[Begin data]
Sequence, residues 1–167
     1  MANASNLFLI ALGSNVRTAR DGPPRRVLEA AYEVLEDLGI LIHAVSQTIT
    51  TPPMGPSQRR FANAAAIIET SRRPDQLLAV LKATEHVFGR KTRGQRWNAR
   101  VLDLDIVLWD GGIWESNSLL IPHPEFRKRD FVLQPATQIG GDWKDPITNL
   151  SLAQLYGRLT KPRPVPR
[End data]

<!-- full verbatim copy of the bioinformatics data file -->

Sequence, residues 1–167
     1  MANASNLFLI ALGSNVRTAR DGPPRRVLEA AYEVLEDLGI LIHAVSQTIT
    51  TPPMGPSQRR FANAAAIIET SRRPDQLLAV LKATEHVFGR KTRGQRWNAR
   101  VLDLDIVLWD GGIWESNSLL IPHPEFRKRD FVLQPATQIG GDWKDPITNL
   151  SLAQLYGRLT KPRPVPR